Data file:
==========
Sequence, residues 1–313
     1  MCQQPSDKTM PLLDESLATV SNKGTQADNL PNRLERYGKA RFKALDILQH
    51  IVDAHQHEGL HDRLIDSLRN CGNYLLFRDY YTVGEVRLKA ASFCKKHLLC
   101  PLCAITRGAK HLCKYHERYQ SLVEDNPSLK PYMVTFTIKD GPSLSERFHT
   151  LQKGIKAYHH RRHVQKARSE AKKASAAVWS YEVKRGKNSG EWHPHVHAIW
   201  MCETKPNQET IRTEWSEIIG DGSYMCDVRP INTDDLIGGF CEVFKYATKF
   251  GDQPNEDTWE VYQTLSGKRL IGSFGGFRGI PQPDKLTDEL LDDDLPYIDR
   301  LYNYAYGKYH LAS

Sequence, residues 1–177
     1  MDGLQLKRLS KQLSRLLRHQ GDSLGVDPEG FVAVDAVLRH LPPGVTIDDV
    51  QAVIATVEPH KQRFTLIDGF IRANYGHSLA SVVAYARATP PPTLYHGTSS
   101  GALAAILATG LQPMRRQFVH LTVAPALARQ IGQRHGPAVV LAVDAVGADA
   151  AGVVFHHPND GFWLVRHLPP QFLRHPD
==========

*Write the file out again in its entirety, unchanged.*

Sequence, residues 1–313
     1  MCQQPSDKTM PLLDESLATV SNKGTQADNL PNRLERYGKA RFKALDILQH
    51  IVDAHQHEGL HDRLIDSLRN CGNYLLFRDY YTVGEVRLKA ASFCKKHLLC
   101  PLCAITRGAK HLCKYHERYQ SLVEDNPSLK PYMVTFTIKD GPSLSERFHT
   151  LQKGIKAYHH RRHVQKARSE AKKASAAVWS YEVKRGKNSG EWHPHVHAIW
   201  MCETKPNQET IRTEWSEIIG DGSYMCDVRP INTDDLIGGF CEVFKYATKF
   251  GDQPNEDTWE VYQTLSGKRL IGSFGGFRGI PQPDKLTDEL LDDDLPYIDR
   301  LYNYAYGKYH LAS

Sequence, residues 1–177
     1  MDGLQLKRLS KQLSRLLRHQ GDSLGVDPEG FVAVDAVLRH LPPGVTIDDV
    51  QAVIATVEPH KQRFTLIDGF IRANYGHSLA SVVAYARATP PPTLYHGTSS
   101  GALAAILATG LQPMRRQFVH LTVAPALARQ IGQRHGPAVV LAVDAVGADA
   151  AGVVFHHPND GFWLVRHLPP QFLRHPD